Anti-Microbial Drugs Linked to Acute Liver Failure

Anti-microbials linked to liver failureA recent study published in the medical journal Hepatology found anti-microbial drugs to be a common cause of drug-induced liver injury (DILI), which can lead to acute liver failure (ALF).

The 10-year study analyzed liver injury as caused by drugs excluding acetaminophen, reports. The research team isolated patients who experienced DILI, and found a disproportionate percentage of them to be women and minorities, leading researchers to speculate that certain groups may be more prone to DILI and to advocate for further research on the subject.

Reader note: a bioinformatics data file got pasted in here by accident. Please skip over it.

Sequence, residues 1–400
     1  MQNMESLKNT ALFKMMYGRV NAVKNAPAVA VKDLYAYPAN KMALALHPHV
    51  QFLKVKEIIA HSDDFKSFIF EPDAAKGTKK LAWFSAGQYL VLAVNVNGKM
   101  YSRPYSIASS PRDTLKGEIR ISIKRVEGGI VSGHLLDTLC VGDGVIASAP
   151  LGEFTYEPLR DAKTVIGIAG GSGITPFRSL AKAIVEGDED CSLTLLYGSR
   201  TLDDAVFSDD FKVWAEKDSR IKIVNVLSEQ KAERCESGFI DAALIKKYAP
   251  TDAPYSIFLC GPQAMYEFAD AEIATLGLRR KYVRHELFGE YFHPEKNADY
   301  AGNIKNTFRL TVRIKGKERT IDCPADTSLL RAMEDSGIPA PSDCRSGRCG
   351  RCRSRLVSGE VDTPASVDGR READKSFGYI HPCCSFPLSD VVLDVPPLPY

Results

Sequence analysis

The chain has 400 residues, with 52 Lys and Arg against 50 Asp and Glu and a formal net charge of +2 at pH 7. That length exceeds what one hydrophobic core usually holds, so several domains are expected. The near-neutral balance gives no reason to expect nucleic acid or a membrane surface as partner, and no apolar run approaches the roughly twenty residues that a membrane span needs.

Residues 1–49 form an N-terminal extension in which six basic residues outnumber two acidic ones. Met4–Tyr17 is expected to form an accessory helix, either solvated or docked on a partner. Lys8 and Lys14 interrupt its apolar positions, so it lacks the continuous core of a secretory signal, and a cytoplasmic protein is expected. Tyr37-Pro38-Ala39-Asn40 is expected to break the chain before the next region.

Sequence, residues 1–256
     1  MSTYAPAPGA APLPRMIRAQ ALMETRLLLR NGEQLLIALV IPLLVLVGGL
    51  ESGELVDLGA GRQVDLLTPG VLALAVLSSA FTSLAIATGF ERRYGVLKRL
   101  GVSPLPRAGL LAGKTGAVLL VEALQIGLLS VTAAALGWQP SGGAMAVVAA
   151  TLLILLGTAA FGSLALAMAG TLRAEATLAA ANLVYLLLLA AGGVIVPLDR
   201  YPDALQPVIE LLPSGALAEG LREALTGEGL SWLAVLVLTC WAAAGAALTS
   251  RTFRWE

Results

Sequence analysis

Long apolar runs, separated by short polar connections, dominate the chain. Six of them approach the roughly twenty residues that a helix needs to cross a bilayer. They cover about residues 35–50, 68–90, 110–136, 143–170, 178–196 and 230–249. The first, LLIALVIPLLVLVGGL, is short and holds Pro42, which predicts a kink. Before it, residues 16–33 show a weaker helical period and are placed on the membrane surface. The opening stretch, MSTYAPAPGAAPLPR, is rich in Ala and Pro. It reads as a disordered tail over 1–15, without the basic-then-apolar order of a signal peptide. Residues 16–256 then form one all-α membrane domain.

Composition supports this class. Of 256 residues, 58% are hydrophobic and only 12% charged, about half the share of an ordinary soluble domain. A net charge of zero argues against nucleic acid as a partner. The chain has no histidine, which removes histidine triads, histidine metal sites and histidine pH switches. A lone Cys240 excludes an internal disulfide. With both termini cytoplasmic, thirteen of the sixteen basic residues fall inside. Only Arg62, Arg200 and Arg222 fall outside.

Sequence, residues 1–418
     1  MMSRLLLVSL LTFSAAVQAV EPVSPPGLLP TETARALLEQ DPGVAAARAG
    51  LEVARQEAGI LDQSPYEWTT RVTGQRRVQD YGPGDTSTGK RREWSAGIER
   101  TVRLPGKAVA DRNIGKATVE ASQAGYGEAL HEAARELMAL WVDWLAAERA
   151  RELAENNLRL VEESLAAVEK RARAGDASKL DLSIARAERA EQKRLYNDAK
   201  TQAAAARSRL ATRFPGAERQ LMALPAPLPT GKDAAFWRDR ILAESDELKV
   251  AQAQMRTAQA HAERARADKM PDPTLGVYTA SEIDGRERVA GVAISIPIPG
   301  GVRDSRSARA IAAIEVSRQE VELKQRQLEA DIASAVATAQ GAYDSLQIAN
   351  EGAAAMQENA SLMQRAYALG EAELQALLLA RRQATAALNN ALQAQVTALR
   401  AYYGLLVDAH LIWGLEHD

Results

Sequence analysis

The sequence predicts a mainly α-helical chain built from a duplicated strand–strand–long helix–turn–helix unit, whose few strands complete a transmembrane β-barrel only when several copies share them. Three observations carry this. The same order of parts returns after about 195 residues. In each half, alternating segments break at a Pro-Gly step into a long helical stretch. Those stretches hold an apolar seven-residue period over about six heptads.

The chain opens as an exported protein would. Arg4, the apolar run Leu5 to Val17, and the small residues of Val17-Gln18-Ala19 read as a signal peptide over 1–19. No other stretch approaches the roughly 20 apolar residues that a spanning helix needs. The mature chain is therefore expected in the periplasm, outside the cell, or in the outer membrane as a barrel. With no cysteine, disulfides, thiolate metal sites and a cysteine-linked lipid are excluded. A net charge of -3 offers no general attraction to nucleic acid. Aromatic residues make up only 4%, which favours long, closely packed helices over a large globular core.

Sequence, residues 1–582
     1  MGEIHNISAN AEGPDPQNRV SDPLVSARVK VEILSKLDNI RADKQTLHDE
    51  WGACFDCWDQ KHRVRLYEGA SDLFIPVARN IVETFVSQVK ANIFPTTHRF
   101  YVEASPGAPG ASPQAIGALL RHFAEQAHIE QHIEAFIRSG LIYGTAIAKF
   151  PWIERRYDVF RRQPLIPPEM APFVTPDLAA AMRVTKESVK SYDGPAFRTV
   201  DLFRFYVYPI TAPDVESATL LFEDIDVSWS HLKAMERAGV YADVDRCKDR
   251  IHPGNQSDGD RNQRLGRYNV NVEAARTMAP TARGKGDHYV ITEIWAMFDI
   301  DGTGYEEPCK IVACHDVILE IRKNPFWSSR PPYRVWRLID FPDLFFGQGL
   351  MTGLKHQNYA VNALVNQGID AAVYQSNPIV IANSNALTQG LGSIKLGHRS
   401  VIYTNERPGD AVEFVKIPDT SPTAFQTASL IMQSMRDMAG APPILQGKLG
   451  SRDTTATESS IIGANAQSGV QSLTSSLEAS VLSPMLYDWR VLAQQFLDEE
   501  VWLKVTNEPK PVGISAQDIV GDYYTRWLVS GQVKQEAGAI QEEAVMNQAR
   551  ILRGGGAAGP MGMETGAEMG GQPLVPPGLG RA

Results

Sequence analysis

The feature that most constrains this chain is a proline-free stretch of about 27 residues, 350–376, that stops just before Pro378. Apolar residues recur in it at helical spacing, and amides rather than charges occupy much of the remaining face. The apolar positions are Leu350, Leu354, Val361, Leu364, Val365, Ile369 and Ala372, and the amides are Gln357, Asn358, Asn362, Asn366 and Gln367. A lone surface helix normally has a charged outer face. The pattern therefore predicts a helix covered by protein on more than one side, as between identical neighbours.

The researchers also identified 61 different medications that could cause DILI. Of these drugs, anti-microbials were found to be the most common cause of ALF resulting from DILI. Anti-microbial drugs include certain antibiotics, anti-fungals, tuberculosis drugs, anti-retroviral drugs and other medications. 

Researchers also found that patients experiencing ALF due to anti-microbial drug usage do not typically recover spontaneously, with only 27 percent of patients surviving without a liver transplant.

Based on the results of the study, researchers emphasize the urgent need for organ donation and advocate for further study of the effects of anti-microbials and other drugs on the liver.